If you've ever stepped into a century-old house in summer, chances are you noticed it wasn't swelteringly hot despite a lack of air conditioning. Credit goes to its design: A wrap-around porch or a big overhang keeps glaring sun at bay instead of streaming indoors. Maybe a huge oak or maple provides shade in a key location. Ample windows placed strategically can be opened and provide welcome breeze, thanks to cross-ventilation. White paint - or some other light shade -- reflects the sun's heat.
You can apply "passive cooling" or "passive heating" principles to your abode, too, even if it's a modern building. It'll pay dividends. According to the U.S. Department of Energy, passive solar design can cut heating bills by as much as 50 percent. Find hints from TheDailyGreen here: www.thedailygreen.com/2007/07/11/cool-home-design/3676/. Also, here: www.thedailygreen.com/2007/07/09/keeping-your-cool/3585/.
Two homes built for a Solar Energy Center study in humid, sun-baked Lake City, Fla., help demonstrate the benefits. One was built using traditional design, while the other a "minimum cooling energy building" -- applied passive cooling strategies such as well-designed overhangs, a white reflective roof, well-shaded or reflective double-glazed windows and shady landscaping, plus green features that go beyond that such as solar photovoltaic panels. Results? The green home used 70 percent less energy. Its solar photovoltaic panels offset another 22 percent, making its net energy use nearly zero. (See: http://www.fsec.ucf.edu/en/research/buildings/zero_energy/lakeland/index.htm).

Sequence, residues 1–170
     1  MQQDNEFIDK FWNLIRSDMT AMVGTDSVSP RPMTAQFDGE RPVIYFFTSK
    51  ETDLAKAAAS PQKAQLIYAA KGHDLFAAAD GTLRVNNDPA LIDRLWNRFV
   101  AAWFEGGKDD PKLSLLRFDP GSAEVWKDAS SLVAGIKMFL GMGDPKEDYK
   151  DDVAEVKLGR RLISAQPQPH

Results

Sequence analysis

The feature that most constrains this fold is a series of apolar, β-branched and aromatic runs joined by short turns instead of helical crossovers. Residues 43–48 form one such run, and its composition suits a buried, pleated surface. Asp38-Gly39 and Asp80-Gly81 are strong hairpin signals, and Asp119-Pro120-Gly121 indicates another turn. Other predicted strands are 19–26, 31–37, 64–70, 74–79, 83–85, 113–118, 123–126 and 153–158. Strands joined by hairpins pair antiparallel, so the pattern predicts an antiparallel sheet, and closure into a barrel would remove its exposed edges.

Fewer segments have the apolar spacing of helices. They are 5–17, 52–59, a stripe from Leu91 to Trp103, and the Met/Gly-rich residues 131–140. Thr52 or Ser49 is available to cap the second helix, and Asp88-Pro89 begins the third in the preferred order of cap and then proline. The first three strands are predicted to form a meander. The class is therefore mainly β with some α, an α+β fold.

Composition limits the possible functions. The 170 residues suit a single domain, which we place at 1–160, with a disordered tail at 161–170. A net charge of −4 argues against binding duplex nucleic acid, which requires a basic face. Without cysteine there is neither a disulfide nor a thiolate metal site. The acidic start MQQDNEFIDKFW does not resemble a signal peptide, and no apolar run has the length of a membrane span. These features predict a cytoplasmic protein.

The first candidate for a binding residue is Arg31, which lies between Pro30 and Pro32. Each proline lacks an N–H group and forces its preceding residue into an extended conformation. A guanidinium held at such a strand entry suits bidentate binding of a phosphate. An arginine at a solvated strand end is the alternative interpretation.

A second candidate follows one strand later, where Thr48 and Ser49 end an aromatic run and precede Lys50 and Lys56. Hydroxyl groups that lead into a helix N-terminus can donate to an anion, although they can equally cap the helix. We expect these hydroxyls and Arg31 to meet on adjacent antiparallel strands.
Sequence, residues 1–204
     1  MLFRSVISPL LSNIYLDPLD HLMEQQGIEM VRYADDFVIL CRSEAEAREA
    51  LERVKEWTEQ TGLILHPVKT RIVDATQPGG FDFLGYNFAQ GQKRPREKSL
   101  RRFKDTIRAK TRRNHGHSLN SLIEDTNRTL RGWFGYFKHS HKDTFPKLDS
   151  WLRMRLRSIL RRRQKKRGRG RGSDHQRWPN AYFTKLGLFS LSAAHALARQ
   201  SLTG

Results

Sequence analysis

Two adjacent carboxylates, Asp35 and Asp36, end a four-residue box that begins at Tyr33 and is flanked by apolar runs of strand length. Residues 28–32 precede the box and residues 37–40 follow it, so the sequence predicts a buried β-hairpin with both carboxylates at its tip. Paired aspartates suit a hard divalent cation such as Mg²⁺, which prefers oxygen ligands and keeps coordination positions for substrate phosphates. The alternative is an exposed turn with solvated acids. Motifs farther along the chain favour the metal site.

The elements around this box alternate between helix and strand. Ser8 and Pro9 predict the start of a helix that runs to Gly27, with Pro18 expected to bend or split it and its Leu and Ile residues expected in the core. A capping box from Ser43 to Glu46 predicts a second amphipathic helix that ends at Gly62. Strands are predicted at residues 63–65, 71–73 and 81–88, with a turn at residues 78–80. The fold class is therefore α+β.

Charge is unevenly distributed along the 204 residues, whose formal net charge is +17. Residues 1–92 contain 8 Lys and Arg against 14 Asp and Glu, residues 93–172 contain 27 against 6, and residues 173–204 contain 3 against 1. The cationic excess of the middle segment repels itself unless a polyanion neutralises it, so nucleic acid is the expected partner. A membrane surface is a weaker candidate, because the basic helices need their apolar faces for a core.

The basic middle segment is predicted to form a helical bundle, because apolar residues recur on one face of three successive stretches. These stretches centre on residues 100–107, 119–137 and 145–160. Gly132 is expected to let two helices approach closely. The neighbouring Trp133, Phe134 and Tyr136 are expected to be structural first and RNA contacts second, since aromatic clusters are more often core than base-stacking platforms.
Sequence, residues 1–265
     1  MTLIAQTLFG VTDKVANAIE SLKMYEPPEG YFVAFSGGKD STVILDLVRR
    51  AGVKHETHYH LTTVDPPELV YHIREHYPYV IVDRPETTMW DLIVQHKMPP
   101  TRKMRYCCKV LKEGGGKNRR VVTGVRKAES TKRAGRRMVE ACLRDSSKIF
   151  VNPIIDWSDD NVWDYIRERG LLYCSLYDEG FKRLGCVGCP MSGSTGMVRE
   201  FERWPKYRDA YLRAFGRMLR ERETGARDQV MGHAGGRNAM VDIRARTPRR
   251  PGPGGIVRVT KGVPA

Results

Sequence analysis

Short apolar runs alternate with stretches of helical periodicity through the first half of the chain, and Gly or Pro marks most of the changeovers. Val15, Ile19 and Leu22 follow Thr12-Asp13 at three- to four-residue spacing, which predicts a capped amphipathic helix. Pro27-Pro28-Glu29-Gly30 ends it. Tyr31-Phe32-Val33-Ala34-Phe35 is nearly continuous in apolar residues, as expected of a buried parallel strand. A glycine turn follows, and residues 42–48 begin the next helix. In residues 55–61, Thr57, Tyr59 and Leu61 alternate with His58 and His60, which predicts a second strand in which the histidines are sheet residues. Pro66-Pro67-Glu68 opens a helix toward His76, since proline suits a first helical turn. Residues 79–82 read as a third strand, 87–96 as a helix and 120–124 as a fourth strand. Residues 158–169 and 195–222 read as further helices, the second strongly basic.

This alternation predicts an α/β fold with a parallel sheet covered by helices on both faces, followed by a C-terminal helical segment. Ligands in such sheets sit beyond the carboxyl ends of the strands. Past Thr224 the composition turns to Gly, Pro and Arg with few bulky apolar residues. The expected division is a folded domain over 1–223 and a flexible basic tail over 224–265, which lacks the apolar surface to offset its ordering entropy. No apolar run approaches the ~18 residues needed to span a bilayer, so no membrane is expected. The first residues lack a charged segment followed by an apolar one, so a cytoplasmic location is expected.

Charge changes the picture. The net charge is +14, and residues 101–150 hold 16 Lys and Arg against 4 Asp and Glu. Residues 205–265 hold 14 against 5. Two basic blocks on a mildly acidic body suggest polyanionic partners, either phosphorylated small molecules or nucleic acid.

For more info:
* Consumers' Guide to Passive Solar Home Design: www.eere.energy.gov/consumer/your_home/designing_remodeling/index.cfm/mytopic=10250
*Learn the passive solar design features of a Florida Cracker solar house: www.phys.ufl.edu/~liz/design.html
*Links to lots of helpful passive heating and cooling resources: www.builditsolar.com/Projects/Cooling/passive_cooling.htm
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